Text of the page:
Colony-morphology screening uncovers a role for thePseudomonas aeruginosanitrogen-related phosphotransferase system in biofilm formation

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Pseudomonas aeruginosais an opportunistic human pathogen whose survival is aided by forming communities known as biofilms, in which cells are encased in a self-produced matrix. We devised a mutant screen based on colony morphology to identify additional genes with previously unappreciated roles in biofilm formation. Our screen, which identified most known biofilm-related genes, also uncoveredPA14_16550andPA14_69700, deletions of which abrogated and augmented biofilm formation respectively. We also identifiedptsP, which encodes enzyme I of the nitrogen-regulated phosphotransferase (PTSNtr) system, as being important for cyclic-di-GMP production and for biofilm formation. Further experiments showed that biofilm formation is hindered in the absence of phosphotransfer through the PTSNtr, but only in the presence of enzyme II (PtsN), the putative regulatory module of the PTSNtr. These results implicate unphosphorylated PtsN as a negative regulator of biofilm formation and establish one of the first known roles of the PTSNtr inP. aeruginosa.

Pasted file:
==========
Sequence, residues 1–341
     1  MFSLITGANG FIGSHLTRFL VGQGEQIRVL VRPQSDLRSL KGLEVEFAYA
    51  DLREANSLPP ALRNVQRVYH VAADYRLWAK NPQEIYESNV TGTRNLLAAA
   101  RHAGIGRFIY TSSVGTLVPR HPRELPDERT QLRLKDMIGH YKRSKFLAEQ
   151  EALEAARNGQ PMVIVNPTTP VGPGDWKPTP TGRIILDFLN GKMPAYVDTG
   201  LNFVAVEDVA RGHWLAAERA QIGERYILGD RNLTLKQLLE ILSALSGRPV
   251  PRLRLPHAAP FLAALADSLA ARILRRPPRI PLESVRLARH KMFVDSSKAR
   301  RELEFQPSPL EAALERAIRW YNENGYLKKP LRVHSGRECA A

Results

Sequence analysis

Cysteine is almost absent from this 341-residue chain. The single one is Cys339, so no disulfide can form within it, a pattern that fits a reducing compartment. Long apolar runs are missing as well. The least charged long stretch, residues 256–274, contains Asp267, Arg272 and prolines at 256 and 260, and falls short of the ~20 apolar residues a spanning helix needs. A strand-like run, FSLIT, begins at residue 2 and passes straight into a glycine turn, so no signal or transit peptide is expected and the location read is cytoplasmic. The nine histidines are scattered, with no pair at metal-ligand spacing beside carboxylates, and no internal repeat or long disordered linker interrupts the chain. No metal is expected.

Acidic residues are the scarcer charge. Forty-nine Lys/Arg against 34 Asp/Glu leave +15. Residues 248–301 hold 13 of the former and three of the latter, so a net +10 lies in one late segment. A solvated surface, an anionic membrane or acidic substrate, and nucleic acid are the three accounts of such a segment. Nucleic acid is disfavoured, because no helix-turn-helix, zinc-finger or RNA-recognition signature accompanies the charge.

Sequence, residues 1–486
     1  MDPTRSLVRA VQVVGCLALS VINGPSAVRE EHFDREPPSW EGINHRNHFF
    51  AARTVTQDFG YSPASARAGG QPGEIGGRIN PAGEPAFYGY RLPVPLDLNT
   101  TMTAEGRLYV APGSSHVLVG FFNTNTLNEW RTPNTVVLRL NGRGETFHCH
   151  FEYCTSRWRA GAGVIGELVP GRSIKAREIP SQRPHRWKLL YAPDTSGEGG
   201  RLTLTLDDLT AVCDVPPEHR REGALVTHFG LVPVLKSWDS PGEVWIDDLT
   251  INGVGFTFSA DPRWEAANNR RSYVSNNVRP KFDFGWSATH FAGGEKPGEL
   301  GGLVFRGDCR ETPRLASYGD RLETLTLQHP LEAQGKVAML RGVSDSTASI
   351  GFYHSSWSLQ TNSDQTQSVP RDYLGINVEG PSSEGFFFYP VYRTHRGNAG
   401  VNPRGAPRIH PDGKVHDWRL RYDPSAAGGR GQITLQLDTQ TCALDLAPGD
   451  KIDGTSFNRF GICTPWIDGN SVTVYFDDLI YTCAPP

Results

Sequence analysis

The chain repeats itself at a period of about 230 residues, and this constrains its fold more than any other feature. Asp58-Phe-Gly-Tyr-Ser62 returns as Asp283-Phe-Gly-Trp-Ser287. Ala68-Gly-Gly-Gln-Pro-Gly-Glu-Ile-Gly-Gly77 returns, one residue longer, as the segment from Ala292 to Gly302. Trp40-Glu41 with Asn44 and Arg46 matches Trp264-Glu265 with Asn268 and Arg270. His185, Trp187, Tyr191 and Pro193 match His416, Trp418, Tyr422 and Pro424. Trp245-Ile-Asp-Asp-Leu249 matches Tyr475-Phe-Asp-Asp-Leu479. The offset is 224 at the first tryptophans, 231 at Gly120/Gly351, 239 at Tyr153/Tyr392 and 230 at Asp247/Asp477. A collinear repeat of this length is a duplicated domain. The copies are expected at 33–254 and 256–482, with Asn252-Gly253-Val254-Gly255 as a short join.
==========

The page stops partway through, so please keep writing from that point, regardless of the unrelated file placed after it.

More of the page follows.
By using colony morphology as a screen for genes involved in matrix production byPseudomonasaeruginosa, we identified several genes with previously unappreciated roles in biofilm formation. These included the gene for the phosphotransferase protein PtsP, allowing us to deduce that robust biofilm formation requires phosphate flow through the nitrogen-regulated phosphotransferase system.

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